How can virtual trainers be more engaging when learners are in physical rooms?

A question from Nareej…

Dear Roger,

Could you please help me in finding a solution to below issue/scenario:

We are used to conducting webinars on frequent basis. There are around 15 institutes joining at a time and each of them is having 100 or more than that students sitting in a large classroom/ auditorium. Each institute is attending the event via one computer system (using projector). Now, the challenges are following:

  1. What kind of engagement activities can be used.
  2. How to make effective use of polls, chat box, Q&A box.
  3. How to design interactivity activities to engage all the participants.

Thanks and regards,



Neeraj, thanks for reaching out. The simplest answer is, well, quite simple:

Quit having everyone go to a class or auditorium and have them join the meeting from their own computer.

The longer answer is this: You are using web conferencing as a broadcasting tool. Broadcasting is less inherently engaging for the average presentation.


People in the scenario you describe are largely passive spectators.

This doesn’t mean you can’t be engaging… think about what television producers do: Action. Intrigue. Conflict. Changes of camera angle. Interesting visuals via how and where something is filmed. Music that is written to enhance the emotional connection. And on and on and on.

So… I don’t know what your webinars are like, but I’m guessing that they’re missing many or most of these elements.

To answer your questions:

1. What kind of engagement activities can be used.

You will have to design the experience to include individuals at every physical location to interact with the audience. If a presenter/trainer asks a question, how is that question facilitated?

If everyone is logged on, there’s a one-to-one relationship between the attendees and the tools that facilitate the interactions. If they’re not, you need to redesign the execution and experience.

2. How to make effective use of polls, chat box, Q&A box.

See the last part of the last answer. You have to re-design the experience.

FYI, I’ve been the presenter in this context many times. The truth is that it takes more effort to make this happen than to simply project something on a screen (e.g., coordination of one or more assistants, making sure A/V people have microphones available, ensuring that the right thing is projected on the viewing screen vs. what the Q&A assistant is looking at, how you’re going to have locations “report in” if you ask for a show of hands, how you have learners interact with each other in small groups and then come back together as a group, etc.)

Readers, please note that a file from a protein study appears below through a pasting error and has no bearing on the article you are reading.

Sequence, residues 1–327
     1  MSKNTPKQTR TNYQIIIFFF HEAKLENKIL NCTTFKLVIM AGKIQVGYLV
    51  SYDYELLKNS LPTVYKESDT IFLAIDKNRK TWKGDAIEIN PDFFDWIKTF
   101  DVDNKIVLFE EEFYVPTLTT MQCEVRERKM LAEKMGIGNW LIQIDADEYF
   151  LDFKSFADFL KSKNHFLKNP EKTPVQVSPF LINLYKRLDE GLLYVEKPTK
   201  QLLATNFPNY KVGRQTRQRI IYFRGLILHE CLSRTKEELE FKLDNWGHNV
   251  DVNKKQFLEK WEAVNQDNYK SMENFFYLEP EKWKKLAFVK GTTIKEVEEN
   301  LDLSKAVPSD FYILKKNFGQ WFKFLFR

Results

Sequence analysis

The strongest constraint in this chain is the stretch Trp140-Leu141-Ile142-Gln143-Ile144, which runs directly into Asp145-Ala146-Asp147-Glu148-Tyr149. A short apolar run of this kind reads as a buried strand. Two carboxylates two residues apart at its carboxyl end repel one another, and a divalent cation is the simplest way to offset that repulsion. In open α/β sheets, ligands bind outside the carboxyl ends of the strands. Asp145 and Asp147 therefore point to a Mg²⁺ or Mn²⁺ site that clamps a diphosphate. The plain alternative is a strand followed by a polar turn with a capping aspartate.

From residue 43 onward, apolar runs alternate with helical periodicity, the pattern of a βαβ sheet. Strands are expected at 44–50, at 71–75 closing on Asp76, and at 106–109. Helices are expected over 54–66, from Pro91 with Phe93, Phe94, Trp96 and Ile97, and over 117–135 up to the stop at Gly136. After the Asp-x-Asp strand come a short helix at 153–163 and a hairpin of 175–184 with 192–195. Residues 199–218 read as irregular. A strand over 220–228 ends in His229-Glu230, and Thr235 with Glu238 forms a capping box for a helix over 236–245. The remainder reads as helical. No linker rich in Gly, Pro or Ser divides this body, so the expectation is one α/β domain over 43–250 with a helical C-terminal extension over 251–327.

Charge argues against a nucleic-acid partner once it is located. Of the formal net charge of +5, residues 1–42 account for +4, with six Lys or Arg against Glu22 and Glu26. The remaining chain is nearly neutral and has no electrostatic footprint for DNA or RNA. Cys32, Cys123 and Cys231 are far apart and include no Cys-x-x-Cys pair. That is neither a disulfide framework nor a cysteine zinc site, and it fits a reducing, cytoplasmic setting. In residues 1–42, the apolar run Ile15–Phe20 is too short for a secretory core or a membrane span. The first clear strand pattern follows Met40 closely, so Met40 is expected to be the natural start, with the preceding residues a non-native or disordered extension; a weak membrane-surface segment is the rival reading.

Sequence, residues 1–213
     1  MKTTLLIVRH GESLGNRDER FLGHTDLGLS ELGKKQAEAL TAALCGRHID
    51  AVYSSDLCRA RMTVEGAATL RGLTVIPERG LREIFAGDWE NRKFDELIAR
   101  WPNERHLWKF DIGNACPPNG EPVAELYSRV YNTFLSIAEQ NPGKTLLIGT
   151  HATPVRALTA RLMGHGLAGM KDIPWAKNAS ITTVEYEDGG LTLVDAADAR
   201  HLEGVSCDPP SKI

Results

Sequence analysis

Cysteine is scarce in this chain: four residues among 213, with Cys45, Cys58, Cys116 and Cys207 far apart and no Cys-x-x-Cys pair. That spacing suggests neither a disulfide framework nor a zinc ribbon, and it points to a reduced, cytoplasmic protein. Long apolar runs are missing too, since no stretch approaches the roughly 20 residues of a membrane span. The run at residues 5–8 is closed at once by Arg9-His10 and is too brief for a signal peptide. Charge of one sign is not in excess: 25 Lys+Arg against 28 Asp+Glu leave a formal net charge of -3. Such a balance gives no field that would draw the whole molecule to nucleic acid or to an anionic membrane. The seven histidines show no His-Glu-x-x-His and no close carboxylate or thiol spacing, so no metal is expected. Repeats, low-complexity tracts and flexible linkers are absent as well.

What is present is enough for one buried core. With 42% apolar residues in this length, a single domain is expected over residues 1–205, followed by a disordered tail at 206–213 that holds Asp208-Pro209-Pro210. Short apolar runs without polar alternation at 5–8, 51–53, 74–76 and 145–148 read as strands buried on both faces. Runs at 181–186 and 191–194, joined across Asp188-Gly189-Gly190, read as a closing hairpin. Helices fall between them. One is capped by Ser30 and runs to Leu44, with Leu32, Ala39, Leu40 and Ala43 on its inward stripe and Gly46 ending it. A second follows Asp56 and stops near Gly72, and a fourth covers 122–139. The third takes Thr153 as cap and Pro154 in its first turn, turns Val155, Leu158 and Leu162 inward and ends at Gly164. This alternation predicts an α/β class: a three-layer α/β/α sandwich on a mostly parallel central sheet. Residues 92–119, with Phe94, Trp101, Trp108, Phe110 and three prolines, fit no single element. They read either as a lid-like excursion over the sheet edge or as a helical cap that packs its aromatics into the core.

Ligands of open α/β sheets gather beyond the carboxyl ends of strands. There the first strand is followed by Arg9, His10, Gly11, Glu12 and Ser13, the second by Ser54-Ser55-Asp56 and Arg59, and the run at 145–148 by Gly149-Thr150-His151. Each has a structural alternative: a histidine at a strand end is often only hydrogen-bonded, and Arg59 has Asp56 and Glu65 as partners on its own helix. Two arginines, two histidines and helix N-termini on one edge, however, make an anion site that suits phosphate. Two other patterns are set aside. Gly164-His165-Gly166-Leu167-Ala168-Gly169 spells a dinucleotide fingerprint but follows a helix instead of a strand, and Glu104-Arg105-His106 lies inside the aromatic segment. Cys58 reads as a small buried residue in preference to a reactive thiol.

3. How to design interactivity activities to engage all the participants.

How are you going to use a poll if people aren’t connected individually? Take a show of hands in a given room and have the assistant there vote for the whole audience?

I could repeat the question for every web conferencing/webcasting/virtual classroom feature you’ve got.

I design exercises for this scenario pretty much like I do for presenting to an in-person audience…which gets me back to the “coordination” idea. The question evolves from “How do I design the interactivity?” to “How to I work with assistants to facilitate the activity?”

The bottom line

Neeraj, I confess a little bias: The key is adapting to the uniqueness of the medium and situation. What you describe puts additional and different demands on the instructional/presentation design process.

Short of designing new interactive experiences, in your situation the bulk of the burden falls to designing new sensory and cognitive experiences. This starts with what they see and hear:

Is the PowerPoint (or equivalent) visually engaging? This is typically visual (versus data), and there’s the question of how quickly the visuals change…most visuals in television or movies change a helluva lot faster than the average PowerPoint slides (AND are more visual in the process).

Does the presenter use their voice in a compelling, “listenable” way? Most presenters are subject matter experts, not expert presenters. This isn’t wrong, but it IS a big difference between what people experience when sitting back and watching a movie and watching a typical corporate presentation.

Finally, is the content shared psychologically compelling? Regardless of whether the motivation is inspiration, motivation, or education, the brain likes to see content in proven patterns.

If you want to be engaging in the environment you describe you begin with being engaging. You then design the experience from there.

1 Comment

  1. Mike Kunkle

    Wow. It’s funny, when you become friends with someone, you start thinking of them as “Roger, your buddy.” That reply (this post) reminded me of what drew me to you in the first place. Straight shooting, spot-on expert advice that is brilliant.

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